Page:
The Islamic Development Bank has suspended a multimillion-dollar project in Somalia due to accusations of corruption and mismanagement.
Started in October 2016, the Dryland Development Project was being conducted in three rural villages to help pastoralists build resilience to drought, give them access to health and education services, and develop livestock and crops.
The project was set to cost $5 million overall, and since February 2017, the Islamic Development Bank (IsDB) had transferred about $1.5 million to an account at Somalia’s central bank in three installments.
But according to an IsDB audit of the project, a progress report submitted by the project’s coordinator, Abdishakur Aden Mohamud, contained “no substantial information” on what the project has achieved.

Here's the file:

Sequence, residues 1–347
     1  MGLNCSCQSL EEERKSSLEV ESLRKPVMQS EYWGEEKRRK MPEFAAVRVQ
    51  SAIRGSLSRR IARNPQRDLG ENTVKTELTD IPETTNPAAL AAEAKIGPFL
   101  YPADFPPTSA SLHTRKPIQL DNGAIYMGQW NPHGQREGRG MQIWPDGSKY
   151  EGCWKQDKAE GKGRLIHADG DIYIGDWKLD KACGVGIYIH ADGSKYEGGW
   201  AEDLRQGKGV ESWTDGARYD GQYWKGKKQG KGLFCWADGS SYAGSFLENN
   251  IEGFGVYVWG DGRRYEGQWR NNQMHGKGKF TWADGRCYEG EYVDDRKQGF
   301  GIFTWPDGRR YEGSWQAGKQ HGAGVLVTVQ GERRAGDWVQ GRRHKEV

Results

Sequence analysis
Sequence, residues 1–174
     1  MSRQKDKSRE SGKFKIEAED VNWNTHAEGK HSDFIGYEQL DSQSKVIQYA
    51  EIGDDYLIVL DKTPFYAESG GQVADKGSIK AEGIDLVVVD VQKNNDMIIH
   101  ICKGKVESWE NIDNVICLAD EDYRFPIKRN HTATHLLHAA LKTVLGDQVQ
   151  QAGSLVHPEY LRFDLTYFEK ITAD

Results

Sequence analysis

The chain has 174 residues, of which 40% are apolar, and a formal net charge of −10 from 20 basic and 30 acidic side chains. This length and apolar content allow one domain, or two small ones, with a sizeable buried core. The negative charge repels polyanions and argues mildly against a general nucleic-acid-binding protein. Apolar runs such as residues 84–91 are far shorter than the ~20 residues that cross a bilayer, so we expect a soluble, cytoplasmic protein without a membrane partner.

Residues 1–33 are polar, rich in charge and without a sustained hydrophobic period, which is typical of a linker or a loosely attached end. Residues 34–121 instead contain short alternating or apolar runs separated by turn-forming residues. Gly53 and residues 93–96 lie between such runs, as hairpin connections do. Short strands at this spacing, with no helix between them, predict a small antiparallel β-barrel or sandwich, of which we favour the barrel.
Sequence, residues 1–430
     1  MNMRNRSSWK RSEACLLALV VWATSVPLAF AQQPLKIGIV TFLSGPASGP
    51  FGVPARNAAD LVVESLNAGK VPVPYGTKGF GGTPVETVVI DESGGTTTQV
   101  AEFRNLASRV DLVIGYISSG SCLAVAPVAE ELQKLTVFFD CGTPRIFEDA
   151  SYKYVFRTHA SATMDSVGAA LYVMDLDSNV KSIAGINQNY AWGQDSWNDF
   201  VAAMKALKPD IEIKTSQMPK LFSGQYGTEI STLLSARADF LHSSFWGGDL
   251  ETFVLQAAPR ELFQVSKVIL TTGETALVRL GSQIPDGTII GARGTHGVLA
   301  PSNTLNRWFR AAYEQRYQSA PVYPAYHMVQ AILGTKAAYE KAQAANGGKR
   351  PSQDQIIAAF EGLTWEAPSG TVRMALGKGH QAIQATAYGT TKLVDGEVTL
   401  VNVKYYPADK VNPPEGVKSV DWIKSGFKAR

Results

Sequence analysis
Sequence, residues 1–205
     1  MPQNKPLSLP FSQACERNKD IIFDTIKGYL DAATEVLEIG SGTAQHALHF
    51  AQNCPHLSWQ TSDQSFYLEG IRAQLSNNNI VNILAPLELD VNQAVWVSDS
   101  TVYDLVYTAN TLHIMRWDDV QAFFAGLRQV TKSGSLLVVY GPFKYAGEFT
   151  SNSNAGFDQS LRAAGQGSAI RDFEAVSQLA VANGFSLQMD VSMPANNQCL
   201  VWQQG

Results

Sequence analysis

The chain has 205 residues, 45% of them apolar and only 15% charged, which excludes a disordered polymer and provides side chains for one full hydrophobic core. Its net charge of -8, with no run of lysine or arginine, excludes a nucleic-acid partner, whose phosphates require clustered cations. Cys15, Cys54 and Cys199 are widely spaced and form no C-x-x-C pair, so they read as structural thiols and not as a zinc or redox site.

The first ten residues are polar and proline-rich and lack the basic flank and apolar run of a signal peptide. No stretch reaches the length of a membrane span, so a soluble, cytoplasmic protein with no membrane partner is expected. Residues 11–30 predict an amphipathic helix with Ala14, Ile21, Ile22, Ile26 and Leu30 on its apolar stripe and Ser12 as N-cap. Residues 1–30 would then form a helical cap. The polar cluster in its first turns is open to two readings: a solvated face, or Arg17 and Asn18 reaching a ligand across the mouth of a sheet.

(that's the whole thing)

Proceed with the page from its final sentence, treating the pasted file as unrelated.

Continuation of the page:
A letter by IsDB written on July 5 this year, seen by VOA Somali’s Investigative Dossier program, said there was no supporting evidence for the claims made in the report. The letter stated the audit raised several concerns, including the lack of a coherent payment system and overpayments to a supplier.
The IsDB also said while the audit was being conducted, the project coordinator made cash and check withdrawals which it said was “not in line with the fiduciary and financial management system.”
The bank has asked the Somali.